Miracle of miracles, we got a week of Indian Summer at the last possible moment. Just when many people had lost hope of having sunny and warmer weather arrive, it took the arrival of November to have it happen.
The negative with its arriving now is that the days are now much shorter than they were earlier, thus there is less total heat each day to help dry the grain remaining in the fields.
This delayed and wet harvest is the rule across most of the Corn Belt with only parts of southwest Iowa and Nebraska operating at a near normal schedule.
The inevitable shoe that was bound to drop was the spot shortages of propane normally used to dry grain and heat buildings.
Reports of this event began to appear in parts of the state late last week and have become more common across Iowa and other states earlier this week. It’s no surprise since the LP used per bushel is several times higher than normal and the pipeline doesn’t have enough capacity to handle that demand.
Expect growers to be asking for clarification and reasons for the increased charges to dry their grain.
A few years ago proponents of global warming were telling us of the monster hurricanes that were bound to be blasting the U.S. coastal areas in the future. During the summer months we had zero storms make it into the Gulf of Mexico. It finally looked like we might have the first named storm hit the Gulf states and as of Monday night it looks like it will deliver two to four inches of rain to those states. Looks like Big Al may have to take a day job.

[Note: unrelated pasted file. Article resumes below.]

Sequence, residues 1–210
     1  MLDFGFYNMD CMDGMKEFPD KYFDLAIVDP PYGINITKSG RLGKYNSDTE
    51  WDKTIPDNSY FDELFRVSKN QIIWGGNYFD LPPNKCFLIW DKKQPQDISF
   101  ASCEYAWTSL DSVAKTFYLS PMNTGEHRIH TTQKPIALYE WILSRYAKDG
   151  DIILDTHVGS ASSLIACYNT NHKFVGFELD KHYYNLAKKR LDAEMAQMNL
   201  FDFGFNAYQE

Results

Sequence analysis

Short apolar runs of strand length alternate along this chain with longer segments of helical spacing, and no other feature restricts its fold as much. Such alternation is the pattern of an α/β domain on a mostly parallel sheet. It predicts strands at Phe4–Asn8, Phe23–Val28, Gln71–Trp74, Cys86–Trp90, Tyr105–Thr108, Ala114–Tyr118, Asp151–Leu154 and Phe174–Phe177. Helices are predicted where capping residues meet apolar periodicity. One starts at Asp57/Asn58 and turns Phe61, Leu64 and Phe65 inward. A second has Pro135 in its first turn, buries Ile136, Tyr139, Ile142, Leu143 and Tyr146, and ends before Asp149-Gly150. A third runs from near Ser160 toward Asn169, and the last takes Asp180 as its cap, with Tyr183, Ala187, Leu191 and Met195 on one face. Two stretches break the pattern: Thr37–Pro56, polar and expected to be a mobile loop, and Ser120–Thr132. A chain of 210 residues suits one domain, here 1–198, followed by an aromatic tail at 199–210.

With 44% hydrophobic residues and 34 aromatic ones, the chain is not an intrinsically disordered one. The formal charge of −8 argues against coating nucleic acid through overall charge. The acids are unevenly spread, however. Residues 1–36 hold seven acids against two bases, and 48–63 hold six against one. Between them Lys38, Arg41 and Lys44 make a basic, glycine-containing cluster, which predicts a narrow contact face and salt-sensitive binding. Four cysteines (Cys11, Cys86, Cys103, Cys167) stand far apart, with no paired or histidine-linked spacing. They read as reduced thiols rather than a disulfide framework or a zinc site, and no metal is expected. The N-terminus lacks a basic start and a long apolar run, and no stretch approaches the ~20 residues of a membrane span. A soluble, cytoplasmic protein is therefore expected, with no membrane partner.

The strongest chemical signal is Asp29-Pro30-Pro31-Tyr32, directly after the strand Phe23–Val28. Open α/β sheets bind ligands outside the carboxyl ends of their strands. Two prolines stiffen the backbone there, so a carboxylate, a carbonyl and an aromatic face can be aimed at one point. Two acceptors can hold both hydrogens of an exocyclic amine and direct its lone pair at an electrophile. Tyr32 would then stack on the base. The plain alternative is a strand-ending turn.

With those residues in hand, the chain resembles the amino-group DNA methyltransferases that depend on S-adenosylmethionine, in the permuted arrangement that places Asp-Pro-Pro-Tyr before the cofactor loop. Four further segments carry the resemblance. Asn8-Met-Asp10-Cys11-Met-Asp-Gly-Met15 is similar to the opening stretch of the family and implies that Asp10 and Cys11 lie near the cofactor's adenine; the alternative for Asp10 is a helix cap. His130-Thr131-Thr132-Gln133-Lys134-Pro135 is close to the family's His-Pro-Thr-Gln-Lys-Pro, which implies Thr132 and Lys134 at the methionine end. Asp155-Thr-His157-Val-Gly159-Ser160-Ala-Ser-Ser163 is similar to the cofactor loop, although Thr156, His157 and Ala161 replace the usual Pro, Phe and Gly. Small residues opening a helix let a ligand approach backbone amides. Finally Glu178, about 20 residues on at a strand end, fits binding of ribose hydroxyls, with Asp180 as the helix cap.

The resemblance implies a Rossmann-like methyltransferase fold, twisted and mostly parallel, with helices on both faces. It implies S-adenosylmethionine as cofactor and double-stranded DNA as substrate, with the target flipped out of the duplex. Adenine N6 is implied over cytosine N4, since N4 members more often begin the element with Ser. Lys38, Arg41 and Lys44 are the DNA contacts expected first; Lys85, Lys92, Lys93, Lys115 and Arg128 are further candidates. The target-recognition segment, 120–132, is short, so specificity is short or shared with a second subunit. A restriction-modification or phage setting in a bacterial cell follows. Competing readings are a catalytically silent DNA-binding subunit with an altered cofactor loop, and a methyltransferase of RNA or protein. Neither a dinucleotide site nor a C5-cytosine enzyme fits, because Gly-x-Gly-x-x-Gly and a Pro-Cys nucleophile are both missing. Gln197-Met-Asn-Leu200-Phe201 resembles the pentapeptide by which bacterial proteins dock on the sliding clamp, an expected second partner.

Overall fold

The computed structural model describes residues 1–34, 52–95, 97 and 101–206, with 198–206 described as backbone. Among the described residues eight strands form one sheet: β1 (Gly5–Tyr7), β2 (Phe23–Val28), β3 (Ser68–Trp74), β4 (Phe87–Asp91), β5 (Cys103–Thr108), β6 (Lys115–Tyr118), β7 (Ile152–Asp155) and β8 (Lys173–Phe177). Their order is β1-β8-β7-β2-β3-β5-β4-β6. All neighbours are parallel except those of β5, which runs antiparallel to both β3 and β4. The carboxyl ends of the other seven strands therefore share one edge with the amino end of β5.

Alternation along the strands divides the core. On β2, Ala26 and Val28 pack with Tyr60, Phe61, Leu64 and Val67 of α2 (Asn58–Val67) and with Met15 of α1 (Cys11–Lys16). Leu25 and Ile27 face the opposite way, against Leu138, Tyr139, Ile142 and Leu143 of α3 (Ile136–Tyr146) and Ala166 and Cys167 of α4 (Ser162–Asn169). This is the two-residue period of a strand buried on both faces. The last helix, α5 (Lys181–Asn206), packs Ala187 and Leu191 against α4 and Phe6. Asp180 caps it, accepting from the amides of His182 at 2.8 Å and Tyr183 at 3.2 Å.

Field conditions for harvest
On our return back to Iowa last Wednesday from Pennsylvania we saw no combines operating until we got about 40 miles east of Davenport. From that point on the combines were rolling in large numbers to squeak out the last acres of soybeans by the weekend before they went after the remaining corn acres.
Across the state there is a wide range in grain moistures. There is a little 15 to 17 percent moisture corn in central and southwest Iowa where it was planted early.
On the other end there is a lot of corn that is still testing 23 to 25 and even 30 percent. Some is where the corn was planted on time and some where planting was delayed but heat unit accumulation was very slow and short.
The tales from several growers was that they were measuring nil to about 2 percent moisture drydown during the three-week period in late October. The main cause had to be the near complete loss of growing degree units.
Remember that the official weather stations in Chicago recorded exactly zero days in October that reached 70 degrees.
On top of that, the same type stations at many points in the Midwest measured 230 to 320 percent of normal during the same month. The rate of drydown has been good the past 10 days and is now getting a portion of the corn grain into the levels where producers normally like to harvest. That means there is still a large portion still in the mid to upper 20s.
A review of the articles on the “Chat n Chew Cafe” tells that corn and even bean growers in nearly every state are suffering from wet harvest moistures.
Dr. Charlie Hurburgh was in charge of writing a major advisory message to all people in charge of running drying systems. He first gave advice to those who were dealing with wet soybeans.
What he advised was trying to get the beans into the bin at moistures no higher than 20 percent. At that point ambient air could be used to dry the grain to safe harvest moistures.